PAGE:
A vast majority of companies report feeling vulnerable to data breaches and security threats, according to a recent report published by a data security provider and information technology advisory company. It is predicted that companies are planning on spending more than ever before to protect themselves in 2018.
The report, published by Thales eSecurity and 451 Research, summarizes the surveyed responses of more than 1,200 senior security executives employed in the U.S., U.K., Germany, Japan, Sweden, the Netherlands, Korea, and India. Of these respondents, more than one-third had major influence on security-decision making, and nearly half had sole-decision making authority.
The number of data breaches nearly doubled in 2017, with 46 percent of U.S. respondents reporting that they experienced a data breach in the past year, as compared to 24 percent in 2016. More than one-third of the global respondents reported having experienced a data breach in 2017. Citing a fear of financial penalties, 78 percent reported plans to increase spending on data security and IT in 2018, including nearly 86 percent of U.S. respondents.
In light of the increasing amount of data breaches, it is perhaps not surprising that 91 percent of global respondents reported feeling vulnerable to security threats and attacks going forward. Companies most frequently cited “privileged user” (or those persons within a company who are given unfettered access to data and IT systems) attacks as being the top threat they are fearful of, with cybercriminals being the second most frequently cited threat.
The report notes that although securing data-at-rest—namely data that is archived and accessed infrequently—was perceived by most respondents as being the most effective method of data defense, most respondents planned on spending more money on defense aimed at protecting the network when accessed by devices remotely, otherwise known as endpoint security.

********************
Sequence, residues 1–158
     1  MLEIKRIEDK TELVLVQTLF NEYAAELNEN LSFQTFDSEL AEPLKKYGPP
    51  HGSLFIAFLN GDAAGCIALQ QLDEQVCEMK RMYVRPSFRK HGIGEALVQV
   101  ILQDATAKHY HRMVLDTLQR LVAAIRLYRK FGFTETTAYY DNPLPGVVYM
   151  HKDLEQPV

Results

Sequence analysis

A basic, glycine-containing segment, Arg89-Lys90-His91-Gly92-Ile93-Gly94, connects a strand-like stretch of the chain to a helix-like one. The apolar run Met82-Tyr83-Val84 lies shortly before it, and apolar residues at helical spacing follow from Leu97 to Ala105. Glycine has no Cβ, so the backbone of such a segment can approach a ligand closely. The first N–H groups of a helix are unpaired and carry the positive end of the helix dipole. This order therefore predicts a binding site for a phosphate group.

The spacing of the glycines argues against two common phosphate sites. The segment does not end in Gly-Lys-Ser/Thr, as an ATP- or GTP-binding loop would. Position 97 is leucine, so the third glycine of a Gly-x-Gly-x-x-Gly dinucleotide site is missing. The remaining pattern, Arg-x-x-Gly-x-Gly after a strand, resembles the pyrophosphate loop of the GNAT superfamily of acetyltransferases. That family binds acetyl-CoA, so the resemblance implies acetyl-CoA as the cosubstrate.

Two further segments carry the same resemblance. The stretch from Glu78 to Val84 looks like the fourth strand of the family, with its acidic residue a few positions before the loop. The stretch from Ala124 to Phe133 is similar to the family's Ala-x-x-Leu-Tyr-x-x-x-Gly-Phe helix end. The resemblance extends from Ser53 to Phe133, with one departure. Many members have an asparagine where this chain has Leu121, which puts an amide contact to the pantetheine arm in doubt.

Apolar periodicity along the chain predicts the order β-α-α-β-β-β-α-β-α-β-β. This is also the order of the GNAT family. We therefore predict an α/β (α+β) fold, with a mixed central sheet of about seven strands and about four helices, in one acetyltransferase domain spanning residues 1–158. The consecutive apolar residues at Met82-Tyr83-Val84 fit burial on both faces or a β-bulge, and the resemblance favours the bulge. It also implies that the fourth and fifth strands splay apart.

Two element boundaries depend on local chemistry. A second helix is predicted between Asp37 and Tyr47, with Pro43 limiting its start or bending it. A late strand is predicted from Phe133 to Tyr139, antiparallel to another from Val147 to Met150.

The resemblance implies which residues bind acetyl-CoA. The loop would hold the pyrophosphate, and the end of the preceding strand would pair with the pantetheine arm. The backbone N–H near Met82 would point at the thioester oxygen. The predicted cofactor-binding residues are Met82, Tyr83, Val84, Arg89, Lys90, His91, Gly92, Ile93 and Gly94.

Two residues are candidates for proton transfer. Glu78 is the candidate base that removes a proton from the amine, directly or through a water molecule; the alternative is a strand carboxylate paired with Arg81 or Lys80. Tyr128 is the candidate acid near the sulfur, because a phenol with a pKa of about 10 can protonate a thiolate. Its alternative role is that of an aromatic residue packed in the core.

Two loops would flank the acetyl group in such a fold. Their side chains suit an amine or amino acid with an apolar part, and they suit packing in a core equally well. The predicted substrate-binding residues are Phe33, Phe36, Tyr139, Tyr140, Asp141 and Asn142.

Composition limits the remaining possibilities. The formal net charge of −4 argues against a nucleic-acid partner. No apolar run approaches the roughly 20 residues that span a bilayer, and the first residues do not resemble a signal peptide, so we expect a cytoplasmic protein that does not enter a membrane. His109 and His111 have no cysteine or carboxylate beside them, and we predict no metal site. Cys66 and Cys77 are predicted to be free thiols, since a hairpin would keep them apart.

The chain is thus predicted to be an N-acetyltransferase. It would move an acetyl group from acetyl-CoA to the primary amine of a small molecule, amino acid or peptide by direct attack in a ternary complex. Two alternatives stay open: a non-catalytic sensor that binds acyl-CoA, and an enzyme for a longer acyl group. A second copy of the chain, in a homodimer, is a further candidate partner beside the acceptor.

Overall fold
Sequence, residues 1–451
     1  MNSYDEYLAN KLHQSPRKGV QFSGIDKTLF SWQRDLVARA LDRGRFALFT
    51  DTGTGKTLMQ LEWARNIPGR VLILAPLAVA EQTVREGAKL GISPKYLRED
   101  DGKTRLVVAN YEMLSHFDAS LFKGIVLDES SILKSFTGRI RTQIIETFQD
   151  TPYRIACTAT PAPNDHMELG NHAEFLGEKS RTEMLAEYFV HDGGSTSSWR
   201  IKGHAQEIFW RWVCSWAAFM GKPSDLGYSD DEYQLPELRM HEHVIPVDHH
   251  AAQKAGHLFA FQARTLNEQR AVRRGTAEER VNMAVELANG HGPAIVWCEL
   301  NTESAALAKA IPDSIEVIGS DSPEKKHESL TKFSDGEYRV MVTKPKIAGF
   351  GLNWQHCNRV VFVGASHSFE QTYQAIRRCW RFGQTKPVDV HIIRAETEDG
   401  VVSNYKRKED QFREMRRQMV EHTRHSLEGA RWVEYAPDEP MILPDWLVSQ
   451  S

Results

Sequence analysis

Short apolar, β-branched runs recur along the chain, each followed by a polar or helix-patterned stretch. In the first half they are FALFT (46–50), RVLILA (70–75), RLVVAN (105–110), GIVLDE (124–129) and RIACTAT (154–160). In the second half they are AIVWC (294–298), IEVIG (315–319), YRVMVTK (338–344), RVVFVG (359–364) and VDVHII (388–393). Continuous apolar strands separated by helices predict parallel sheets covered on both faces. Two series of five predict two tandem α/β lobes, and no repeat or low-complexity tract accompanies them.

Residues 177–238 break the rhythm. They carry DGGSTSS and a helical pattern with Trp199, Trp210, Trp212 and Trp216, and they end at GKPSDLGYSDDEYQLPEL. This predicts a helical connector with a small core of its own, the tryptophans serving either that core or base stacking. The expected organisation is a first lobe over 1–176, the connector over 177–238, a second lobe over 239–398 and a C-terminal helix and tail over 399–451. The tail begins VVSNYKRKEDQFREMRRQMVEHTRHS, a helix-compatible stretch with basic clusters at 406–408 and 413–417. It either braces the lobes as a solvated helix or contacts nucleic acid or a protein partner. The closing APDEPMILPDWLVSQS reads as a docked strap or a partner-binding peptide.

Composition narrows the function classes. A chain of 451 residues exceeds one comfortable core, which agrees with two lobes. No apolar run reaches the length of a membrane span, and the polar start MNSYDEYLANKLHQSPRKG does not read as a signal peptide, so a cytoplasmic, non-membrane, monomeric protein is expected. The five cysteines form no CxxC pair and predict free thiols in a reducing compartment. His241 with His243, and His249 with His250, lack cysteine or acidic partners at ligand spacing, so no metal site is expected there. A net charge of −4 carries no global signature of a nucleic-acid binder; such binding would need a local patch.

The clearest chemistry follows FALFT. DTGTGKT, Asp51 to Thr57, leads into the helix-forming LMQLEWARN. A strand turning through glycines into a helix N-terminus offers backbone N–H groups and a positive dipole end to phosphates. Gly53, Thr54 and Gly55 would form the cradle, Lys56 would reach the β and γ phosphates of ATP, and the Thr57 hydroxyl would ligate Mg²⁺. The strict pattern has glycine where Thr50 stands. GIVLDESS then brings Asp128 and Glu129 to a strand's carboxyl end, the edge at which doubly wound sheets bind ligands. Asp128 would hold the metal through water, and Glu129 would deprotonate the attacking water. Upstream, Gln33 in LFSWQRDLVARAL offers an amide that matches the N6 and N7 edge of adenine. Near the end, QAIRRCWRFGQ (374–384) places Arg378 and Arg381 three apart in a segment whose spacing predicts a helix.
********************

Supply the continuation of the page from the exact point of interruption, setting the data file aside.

Notably, most respondents perceived endpoint security defense as being the least effective means of data defense. Thus, it appears that although companies are aware that unsecured data at rest exposes them to significant threat and liability, they are not devoting resources in a way that reflects this awareness. This may be in part due to the perceived complexity and effects of implementing such changes. The report notes that 43 percent of global respondents cite the complexity of data as being the main barrier to data security. Further, nearly 42 percent of global respondents cited concerns about performance and the impact of implementation on business process as being the largest barrier.
Compliance versus Security
The report states that nearly 64 percent of respondents reported feeling that compliance with relevant laws is an effective means of preventing security threats. Yet, the report notes, while compliance with existing laws may be helpful, compliance will not prevent data breaches because regulations are generally reactive. Conversely, data and security threats and vulnerabilities continue to change and evolve at a far more rapid pace. The increase in the number of breaches is likely demonstrative of this, as it appears that one-third of the respondents still experienced data breaches in 2017 (assuming those respondents were in compliance with the relevant regulations).
Respondents to the survey represented a number of industries, including automotive, energy, government, financial services, healthcare, IT, manufacturing, retail, and telecommunications. Of the respondents, more than one-third had major influence on security-decision making, and nearly half had sole-decision making authority.
The 2018 Thales Data Threat Report-Global Edition can be downloaded here.